She just recently published this book about the first year of Leta's life, and her own struggle with depression, including checking into a hospital to deal with it post-partum. This is the book I wish I had read when Elli was just a few weeks old and I felt like I was drowning. She is so open and honest about exactly how hard it can be to cope with a tiny and demanding little person, while simultaneously showing you how amazing it can be. But mostly it is that she is so funny than you just can't help but laugh out loud. Most people can't pull of the juxtaposition of seriousness and hilarity, but she manages almost every day on her blog. The book is a lot more than just reading through what she has written online. You get a really coherent narrative, and a lot of the details that just had to get left out as she was coping with a new baby, serious depression, and severals days in the hospital. You do miss out on all the gorgeous photos from the blog. There are a few colour plates included in the centre of the book, but she and her husband are both amazing photographers, and the pictures that appear daily on her website are totally stunning.

This isn't a how-to parenting manual by any means. But it is a very open and honest account of the downward spiral into post-partum depression, and the struggle to recover from that, told in a wonderfully entertaining voice that is a real pleasure to read. I know this sounds like something that shouldn't work at all, but that's only because no one else writes quite the way Dooce does.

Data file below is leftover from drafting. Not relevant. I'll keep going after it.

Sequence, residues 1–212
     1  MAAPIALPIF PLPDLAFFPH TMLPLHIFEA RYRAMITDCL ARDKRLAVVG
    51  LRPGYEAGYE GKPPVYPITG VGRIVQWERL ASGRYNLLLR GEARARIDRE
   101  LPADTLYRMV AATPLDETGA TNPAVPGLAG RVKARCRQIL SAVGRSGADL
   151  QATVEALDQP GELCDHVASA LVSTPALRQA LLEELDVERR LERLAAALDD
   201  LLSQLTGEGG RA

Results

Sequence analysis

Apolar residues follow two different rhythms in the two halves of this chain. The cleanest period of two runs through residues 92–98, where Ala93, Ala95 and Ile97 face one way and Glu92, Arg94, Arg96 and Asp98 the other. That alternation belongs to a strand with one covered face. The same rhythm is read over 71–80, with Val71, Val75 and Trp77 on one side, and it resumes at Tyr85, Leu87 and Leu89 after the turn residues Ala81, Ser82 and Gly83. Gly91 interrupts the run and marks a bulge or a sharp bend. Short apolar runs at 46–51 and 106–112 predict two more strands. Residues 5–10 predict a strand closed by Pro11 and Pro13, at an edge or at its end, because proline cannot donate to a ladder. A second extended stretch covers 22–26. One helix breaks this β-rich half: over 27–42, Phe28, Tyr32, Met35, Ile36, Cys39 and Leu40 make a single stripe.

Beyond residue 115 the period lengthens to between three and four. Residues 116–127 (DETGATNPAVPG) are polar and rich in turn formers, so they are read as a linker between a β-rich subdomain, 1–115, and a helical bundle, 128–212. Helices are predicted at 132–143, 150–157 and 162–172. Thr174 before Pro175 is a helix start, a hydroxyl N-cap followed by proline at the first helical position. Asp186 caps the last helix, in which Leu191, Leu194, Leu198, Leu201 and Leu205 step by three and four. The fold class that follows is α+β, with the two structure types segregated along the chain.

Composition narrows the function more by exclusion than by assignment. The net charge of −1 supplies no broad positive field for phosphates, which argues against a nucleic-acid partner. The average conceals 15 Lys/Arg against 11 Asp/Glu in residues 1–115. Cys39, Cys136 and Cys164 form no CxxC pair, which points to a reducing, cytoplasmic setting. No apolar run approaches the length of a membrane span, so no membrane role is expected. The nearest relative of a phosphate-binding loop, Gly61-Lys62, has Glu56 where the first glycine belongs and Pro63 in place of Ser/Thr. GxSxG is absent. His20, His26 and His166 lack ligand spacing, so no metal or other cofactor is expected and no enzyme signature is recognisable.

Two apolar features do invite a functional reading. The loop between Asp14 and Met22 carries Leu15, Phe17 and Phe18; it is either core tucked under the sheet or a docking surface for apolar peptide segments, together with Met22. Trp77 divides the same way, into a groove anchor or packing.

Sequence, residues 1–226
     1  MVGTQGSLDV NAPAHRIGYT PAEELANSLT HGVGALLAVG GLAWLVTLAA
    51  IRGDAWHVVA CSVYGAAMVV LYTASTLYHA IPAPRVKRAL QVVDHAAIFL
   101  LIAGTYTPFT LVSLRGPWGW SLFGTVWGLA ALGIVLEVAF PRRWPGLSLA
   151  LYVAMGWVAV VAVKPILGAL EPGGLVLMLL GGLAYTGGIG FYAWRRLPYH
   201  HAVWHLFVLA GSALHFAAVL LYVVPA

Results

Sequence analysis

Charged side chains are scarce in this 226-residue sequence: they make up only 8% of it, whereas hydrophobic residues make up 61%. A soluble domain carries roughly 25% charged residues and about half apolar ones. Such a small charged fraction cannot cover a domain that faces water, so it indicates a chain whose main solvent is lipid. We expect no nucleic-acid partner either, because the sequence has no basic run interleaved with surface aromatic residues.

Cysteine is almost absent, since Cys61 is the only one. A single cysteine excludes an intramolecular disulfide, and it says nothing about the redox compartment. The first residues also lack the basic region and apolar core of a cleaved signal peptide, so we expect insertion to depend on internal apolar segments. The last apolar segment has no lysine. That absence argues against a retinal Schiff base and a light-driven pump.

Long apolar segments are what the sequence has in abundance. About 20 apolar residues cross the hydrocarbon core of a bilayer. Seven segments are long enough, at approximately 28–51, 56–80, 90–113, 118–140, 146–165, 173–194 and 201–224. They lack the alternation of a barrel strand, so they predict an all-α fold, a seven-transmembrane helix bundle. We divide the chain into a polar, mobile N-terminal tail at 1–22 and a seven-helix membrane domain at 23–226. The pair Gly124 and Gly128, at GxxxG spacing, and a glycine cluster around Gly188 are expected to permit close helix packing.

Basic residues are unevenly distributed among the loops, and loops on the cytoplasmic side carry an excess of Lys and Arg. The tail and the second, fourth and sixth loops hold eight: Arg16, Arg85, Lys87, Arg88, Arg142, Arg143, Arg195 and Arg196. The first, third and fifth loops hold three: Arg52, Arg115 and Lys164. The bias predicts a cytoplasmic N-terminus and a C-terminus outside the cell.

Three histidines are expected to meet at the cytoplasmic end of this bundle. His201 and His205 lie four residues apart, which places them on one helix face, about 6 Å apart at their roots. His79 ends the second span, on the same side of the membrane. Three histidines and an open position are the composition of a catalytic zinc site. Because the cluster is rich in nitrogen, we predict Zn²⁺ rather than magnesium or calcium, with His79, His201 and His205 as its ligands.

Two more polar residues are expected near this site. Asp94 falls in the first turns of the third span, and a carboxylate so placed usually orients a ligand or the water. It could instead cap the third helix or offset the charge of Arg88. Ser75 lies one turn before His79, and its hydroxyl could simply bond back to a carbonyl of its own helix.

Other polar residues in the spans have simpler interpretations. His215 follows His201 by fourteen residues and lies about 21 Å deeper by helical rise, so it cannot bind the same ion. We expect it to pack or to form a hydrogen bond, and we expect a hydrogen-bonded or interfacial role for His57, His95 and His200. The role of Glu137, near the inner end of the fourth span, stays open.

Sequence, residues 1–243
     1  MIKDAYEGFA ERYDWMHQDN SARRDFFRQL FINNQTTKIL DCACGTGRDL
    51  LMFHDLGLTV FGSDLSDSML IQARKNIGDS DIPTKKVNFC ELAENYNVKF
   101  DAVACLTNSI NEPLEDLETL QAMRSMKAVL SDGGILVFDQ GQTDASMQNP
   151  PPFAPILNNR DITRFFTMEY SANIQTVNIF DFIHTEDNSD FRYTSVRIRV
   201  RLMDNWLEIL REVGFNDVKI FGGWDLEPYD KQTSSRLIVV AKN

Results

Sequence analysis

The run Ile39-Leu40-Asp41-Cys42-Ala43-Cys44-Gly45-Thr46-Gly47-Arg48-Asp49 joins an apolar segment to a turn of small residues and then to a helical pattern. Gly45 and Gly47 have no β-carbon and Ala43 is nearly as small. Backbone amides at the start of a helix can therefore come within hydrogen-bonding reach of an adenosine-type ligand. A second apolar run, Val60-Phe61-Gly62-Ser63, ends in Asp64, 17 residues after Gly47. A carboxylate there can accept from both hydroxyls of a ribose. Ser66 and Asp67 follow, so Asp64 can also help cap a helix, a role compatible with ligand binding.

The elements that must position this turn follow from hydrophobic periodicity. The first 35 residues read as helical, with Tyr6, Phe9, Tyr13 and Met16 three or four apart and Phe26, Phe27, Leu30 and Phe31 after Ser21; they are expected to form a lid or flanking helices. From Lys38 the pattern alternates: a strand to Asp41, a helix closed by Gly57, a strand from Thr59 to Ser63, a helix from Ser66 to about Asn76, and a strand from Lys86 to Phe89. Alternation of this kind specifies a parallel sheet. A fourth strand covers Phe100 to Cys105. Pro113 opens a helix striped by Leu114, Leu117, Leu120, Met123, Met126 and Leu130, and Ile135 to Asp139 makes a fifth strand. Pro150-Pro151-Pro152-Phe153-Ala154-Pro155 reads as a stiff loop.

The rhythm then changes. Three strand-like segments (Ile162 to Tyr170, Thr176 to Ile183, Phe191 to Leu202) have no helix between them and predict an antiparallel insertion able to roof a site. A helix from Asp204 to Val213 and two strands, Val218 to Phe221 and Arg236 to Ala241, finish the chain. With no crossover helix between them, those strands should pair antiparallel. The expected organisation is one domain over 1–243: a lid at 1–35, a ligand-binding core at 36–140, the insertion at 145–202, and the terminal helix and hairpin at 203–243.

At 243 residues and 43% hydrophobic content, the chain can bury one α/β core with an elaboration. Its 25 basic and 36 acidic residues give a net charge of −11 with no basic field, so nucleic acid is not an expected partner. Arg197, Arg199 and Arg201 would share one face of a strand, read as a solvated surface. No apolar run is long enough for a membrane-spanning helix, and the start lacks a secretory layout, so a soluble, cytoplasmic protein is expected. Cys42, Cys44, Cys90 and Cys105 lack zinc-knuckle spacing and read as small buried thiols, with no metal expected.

Tuesday, January 26, 2010

Georgette Heyer

Once again I have Jo Walton to blame for introducing me to Georgette Heyer. Heyer has written an awful lot of books, so Jo saying that "A Civil Contract" was her favorite gave me a starting point.

So far I have read Civil Contract and Cotillion. Both of them are absolutely "comfort reading". I love them in exactly the same way that I love Jane Austen and Maeve Binchy. They are stories about normal people, living normal (for the times) lives, and generally doing their best to be happy (this mostly involves falling in love, but I'm ok with that). I'm coming to realize that I like stories about happy people...they make me happy, and I think that's a good thing. Maybe not as deep and enlightening as it could be, but when it comes to comfort reading, I will go with happy.

The thing I've enjoyed most about both of these books is that they aren't the traditional 'Harlequin' romance. You know the one where the main characters fall in love at first sight on page 1, have a whirlwind romance, and then something truly stupid happens (usually just a misunderstanding) which splits them apart, and then they finally get back together in the last few pages? I get irritated by those. The people in those stories spend all their time being overwrought and despairing. The sort of romance that Robert Jordan writes, where you just want to put everyone in a room together and force them to explain exactly what is going on and then they can all be happy instead of miserable.

Heyer is doing something completely different here. Both of these stories involve two people, forced together by circumstance, developing their personalities and figuring out who they are and what they like to do, and at the same time falling in love (rather than lust) with one another as they come to recognize the real worth of the other person and realizing that being married to this person is going to make them really happy. (Again with the happy...I really do like happy and so often stories are written about unhappy people because stories must be interesting, and it is easier to write an interesting story about unhappy people).